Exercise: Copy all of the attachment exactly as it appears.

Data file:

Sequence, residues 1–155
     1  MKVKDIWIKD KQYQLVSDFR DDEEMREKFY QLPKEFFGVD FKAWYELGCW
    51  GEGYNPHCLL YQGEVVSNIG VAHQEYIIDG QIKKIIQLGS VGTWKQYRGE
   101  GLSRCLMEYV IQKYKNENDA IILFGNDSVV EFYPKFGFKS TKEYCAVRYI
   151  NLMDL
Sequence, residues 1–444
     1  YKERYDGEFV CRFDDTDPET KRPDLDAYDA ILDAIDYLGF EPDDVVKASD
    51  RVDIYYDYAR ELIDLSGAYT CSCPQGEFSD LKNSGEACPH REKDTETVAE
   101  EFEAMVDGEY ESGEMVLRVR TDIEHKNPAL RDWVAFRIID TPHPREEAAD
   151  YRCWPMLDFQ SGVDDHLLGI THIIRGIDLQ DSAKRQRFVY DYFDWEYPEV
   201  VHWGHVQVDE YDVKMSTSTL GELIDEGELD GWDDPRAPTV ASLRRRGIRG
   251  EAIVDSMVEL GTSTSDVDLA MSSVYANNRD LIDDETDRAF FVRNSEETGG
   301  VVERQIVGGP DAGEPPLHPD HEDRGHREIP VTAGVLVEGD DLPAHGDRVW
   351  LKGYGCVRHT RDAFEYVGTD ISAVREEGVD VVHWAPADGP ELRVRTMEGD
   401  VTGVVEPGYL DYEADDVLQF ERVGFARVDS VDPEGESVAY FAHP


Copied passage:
Sequence, residues 1–155
     1  MKVKDIWIKD KQYQLVSDFR DDEEMREKFY QLPKEFFGVD FKAWYELGCW
    51  GEGYNPHCLL YQGEVVSNIG VAHQEYIIDG QIKKIIQLGS VGTWKQYRGE
   101  GLSRCLMEYV IQKYKNENDA IILFGNDSVV EFYPKFGFKS TKEYCAVRYI
   151  NLMDL
Sequence, residues 1–444
     1  YKERYDGEFV CRFDDTDPET KRPDLDAYDA ILDAIDYLGF EPDDVVKASD
    51  RVDIYYDYAR ELIDLSGAYT CSCPQGEFSD LKNSGEACPH REKDTETVAE
   101  EFEAMVDGEY ESGEMVLRVR TDIEHKNPAL RDWVAFRIID TPHPREEAAD
   151  YRCWPMLDFQ SGVDDHLLGI THIIRGIDLQ DSAKRQRFVY DYFDWEYPEV
   201  VHWGHVQVDE YDVKMSTSTL GELIDEGELD GWDDPRAPTV ASLRRRGIRG
   251  EAIVDSMVEL GTSTSDVDLA MSSVYANNRD LIDDETDRAF FVRNSEETGG
   301  VVERQIVGGP DAGEPPLHPD HEDRGHREIP VTAGVLVEGD DLPAHGDRVW
   351  LKGYGCVRHT RDAFEYVGTD ISAVREEGVD VVHWAPADGP ELRVRTMEGD
   401  VTGVVEPGYL DYEADDVLQF ERVGFARVDS VDPEGESVAY FAHP